The concept of transition of the Republic of Uzbekistan to the market economy consists of five principles formulated by its President Islam Karimov:
1. Economy should have priority over politics. Economic reforms should not follow the lead of political processes.
2. The State is the main reformer. The representatives of legally elected authorities have to determine priorities and pursue balanced policy of no social shocks.
3. Along with economic reforms it is necessary to create a system of social protection of the Republic population especially of most vulnerable groups.
4. Superiority of Law and Constitution.
5. Stage by stage movement to the market economy. The transition to next stage only after the current stage targets have been met..
I. Political and Economic Background
To understand the politics of Uzbekistan it is important to delve into its most recent history. The leader from 1959-1983 was Sharaf Rashidov, who ruled in a quasi-feudal fashion, much like the newly elected leader. Rashidov kept the USSR content through a combination of patronage, corruption, and repressive behavior. Once Mikhail Gorbachev was elected, Rashidov was the prime target for his drive to eliminate corruption. Although there was an upsurge of national identity among the Uzbeks and a feeling of victimization by the thousands of corrupt officials who where soon imprisoned, incredibly through more repression the elections for new leaders would go unopposed. The Republic of Uzbekistan declared its independence from the former Soviet Union on August 31, 1991. Although it was not recognized by the United States until December 25, 1992. Uzbekistan is a member of the United Nations and the Commonwealth of Independent States (CIS). Although Glasnost led to many open media discussions of the environment and ethnic issues, the elections held in 1990 were one-sided. The main opposition party was not allowed to stand, therefore leaving many communist candidates to be elected. Islam Karimov was first elected President in 1990 by the Supreme Soviet and later was reelected by a popular vote in 1991.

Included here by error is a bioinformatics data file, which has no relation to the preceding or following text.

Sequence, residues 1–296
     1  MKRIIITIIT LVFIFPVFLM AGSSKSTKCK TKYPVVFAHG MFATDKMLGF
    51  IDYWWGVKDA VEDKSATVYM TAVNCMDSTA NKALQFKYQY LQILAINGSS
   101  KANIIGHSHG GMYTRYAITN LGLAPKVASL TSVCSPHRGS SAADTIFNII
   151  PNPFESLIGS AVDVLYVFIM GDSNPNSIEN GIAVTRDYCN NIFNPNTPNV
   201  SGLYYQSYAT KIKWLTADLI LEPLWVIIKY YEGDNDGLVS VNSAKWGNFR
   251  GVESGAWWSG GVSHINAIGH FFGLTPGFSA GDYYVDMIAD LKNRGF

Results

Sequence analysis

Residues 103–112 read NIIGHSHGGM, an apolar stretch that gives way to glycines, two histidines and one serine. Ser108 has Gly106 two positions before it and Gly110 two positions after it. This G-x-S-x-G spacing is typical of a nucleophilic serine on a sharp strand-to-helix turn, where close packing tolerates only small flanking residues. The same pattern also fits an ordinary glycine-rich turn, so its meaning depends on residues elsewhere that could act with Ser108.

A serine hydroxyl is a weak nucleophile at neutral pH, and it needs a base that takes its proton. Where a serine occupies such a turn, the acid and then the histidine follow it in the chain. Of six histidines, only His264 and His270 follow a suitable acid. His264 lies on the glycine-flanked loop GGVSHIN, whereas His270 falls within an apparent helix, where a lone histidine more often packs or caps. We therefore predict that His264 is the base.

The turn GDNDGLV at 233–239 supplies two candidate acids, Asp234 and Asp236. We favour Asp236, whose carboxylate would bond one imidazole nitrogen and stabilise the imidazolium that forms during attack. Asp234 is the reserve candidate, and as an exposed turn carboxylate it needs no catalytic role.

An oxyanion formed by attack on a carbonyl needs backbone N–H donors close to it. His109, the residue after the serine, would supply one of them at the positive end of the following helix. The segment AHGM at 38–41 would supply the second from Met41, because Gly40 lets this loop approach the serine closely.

In 1995 Karimov held a national referendum which would extend his term into the year 2000. He had 99% of the electorates support. Karimov proclaims he is a supporter of Eastern Democracy. He stresses the importance of stability of eastern democracy over its western counterpart. The stability that Karimov suggests many believe is just a ploy for Karimov to use his dictatorship power to cling to the old world status. Karimov is one of the strongest supporters of continued cooperation among the Soviet Republics. Karimov supported the new Union Treaty in spring of 1991 and did not oppose the August 1991 coup in Moscow. Once the coup collapsed Uzbekistan declared independence. Karimov proclaims Uzbekistan is a multiparty system, yet the Erk (Freedom) Democratic Party, the Birlik (Unity) Peoples Movement (BPM) and the Islamic rebirth Party (IRP) have been banned.
Policy makers still remain suspicious of unregulated market mechanisms, although Karimov officially commits to a market-oriented reform. Prices were slowly liberalized and the new trade policies are less harmful toward exports. The import tariffs proposed in 1993 are preferential toward CIS communities and extra low tariffs toward Central Asian countries. It is going to be very difficult for him to explain why many of the neighboring Central Asian countries are becoming richer through liberalization and privatization while Uzbekistan continues to stay stable, but poorer then the other nations. Karimov stresses stability as a reason why Uzbekistan has not seen the high inflation rates characteristic to other CIS communities in transition.
2Karimov gives little mention to human rights. He believes that economic stability is necessary for socio-political stability. In his new book, Along the Road of Deepening Economic Reform, Karimov states, preparation, discussion and adoption of fundamental laws regulating and providing guarantees of human rights and freedoms, rights and freedoms of public organizations and freedom of conscience and religion have been something principally new in practical law making in this country. He also briefly mentions the womens rights and acknowledges their special role as women-mothers and presses for better child care provisions.